Apple announced iBooks 2, with textbooks, today. They claimed at a press conference at the Guggenheim Museum that they’ve “reinvented the textbook,” and Apple’s press release claims they’ve created, “an entirely new kind of textbook that’s dynamic, engaging and truly interactive.” The app itself is perfectly fine, but, despite the fanfare always engendered by Apple announcing something new, it’s not actually earth-shattering. Inkling has been doing books quite a bit nicer for a couple of years, and Al Gore’s Our Choice was an utterly amazing precursor to that.
There are some good features done before (like community and sharing, and good navigation) that iBooks 2 doesn’t have, and there are some things iBooks is doing a good job of, like study cards. There are two new things, though, that are downright revolutionary–these are high school textbooks, and they’re selling for $14.99. The fact that Apple has convinced the three big publishers that provide 90% of U.S. high school textbooks to sell them on the iPad for $14.99 is a big deal. That’s what is worthy of congratulations–not the fairly average iBooks themselves.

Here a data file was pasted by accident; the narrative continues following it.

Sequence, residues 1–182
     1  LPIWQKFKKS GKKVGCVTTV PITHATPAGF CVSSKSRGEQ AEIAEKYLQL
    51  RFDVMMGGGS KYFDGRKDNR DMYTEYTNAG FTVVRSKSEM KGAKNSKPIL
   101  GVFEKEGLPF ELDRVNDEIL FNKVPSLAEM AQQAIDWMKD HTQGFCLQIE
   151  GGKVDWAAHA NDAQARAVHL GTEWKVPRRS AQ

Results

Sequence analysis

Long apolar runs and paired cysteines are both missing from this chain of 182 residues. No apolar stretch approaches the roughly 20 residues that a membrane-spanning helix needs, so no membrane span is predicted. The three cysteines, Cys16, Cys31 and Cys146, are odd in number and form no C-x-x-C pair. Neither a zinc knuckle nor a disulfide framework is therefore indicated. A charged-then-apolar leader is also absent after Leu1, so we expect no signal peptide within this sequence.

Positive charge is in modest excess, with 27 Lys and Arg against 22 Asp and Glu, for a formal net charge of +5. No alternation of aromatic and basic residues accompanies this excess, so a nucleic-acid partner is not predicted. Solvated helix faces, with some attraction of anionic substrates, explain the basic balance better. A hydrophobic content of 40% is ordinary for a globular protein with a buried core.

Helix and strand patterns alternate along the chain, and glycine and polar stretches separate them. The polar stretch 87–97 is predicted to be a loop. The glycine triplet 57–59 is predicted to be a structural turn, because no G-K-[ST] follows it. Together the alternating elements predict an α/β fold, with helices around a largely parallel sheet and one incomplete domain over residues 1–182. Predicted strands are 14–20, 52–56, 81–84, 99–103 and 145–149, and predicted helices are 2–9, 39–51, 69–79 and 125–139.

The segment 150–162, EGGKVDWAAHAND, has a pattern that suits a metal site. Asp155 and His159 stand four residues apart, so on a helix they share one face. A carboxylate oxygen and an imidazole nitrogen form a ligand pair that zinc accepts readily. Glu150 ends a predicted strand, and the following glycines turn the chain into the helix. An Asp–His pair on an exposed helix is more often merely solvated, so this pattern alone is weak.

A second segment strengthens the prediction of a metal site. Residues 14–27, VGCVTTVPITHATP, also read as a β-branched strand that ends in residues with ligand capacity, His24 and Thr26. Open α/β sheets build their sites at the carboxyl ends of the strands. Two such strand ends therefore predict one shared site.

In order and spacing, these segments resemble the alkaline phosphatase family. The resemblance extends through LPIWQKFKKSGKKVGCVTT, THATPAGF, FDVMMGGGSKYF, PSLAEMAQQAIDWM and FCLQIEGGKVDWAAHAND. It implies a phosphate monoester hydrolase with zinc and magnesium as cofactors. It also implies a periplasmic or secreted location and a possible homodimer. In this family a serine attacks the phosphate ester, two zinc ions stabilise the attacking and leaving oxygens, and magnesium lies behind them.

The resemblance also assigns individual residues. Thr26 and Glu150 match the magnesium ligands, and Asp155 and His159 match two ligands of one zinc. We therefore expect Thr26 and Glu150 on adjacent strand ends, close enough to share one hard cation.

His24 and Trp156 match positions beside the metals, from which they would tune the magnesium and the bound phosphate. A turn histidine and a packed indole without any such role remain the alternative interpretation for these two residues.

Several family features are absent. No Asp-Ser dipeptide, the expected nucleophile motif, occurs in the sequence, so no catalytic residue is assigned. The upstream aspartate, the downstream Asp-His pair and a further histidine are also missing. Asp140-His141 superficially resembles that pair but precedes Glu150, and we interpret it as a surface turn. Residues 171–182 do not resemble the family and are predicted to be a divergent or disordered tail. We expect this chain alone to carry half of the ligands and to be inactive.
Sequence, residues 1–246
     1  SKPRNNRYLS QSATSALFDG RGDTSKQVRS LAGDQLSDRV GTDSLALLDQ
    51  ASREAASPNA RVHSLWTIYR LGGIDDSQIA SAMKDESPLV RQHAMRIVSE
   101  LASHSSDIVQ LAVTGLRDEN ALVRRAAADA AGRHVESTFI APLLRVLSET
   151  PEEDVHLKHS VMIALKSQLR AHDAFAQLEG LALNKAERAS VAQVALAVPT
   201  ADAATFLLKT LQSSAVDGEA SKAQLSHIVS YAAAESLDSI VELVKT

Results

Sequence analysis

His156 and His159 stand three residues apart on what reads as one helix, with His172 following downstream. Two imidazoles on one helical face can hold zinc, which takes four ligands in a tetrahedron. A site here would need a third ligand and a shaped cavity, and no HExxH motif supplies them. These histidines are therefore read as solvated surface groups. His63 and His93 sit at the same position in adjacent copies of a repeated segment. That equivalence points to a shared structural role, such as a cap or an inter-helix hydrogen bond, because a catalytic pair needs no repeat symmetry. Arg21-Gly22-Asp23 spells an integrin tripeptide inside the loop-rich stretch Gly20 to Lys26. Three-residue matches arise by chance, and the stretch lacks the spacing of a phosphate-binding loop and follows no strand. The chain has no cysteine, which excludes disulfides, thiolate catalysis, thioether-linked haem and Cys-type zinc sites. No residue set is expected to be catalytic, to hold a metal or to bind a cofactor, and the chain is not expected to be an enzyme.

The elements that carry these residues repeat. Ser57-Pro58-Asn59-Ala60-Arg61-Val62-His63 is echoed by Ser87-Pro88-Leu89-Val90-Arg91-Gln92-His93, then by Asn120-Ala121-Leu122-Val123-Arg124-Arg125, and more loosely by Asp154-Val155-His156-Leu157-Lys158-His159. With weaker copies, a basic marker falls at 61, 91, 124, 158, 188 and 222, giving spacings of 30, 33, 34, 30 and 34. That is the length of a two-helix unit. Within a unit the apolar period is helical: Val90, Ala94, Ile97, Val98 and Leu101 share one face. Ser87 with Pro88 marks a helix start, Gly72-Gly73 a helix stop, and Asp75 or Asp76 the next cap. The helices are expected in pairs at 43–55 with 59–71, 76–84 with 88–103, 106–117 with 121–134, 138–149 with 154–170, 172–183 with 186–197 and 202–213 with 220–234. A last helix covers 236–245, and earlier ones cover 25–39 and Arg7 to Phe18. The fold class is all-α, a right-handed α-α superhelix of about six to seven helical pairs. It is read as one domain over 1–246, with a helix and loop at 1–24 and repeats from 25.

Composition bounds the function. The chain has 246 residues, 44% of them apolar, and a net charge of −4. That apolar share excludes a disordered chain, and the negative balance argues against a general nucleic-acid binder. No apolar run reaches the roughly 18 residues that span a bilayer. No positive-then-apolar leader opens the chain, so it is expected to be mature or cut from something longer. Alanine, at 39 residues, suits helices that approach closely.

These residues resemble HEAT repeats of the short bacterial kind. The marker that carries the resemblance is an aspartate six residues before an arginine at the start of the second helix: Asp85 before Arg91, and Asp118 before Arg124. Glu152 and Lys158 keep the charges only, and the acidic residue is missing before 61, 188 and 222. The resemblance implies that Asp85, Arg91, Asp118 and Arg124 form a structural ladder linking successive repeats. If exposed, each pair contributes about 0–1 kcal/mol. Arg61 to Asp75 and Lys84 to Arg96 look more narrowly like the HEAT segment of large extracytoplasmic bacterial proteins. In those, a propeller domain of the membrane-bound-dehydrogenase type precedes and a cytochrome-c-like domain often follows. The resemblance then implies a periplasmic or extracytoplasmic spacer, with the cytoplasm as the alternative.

Of course, whether it’s even worth paying $14.99 to replace the textbooks in classrooms with the one pictured here is a good question. It’s the same content as before, with the occasional video example in which a narrator works out a problem, reciting the same solution steps that are written in the “book.” And there is occasionally a video showing a “real-world” connection. In a problem comparing the height of the tallest redwood tree to the average redwood tree, you can watch a 26-second video that shows you what a redwood tree looks like.
I have an opposite opinion from this post at techcrunch.com, which expresses that kids ought to keep doing math with pencil and paper, not “externalizing knowledge” to calculators, computers, and iPads. I don’t at all fear that this has all gone too far now–rather, I see that iBooks 2 textbooks really have done nothing of significance other than provide a great price break for new purchasers. If you really want to claim “immersive, engaging, and interactive” math curriculum, though, you’ve got to provide different content with a different approach.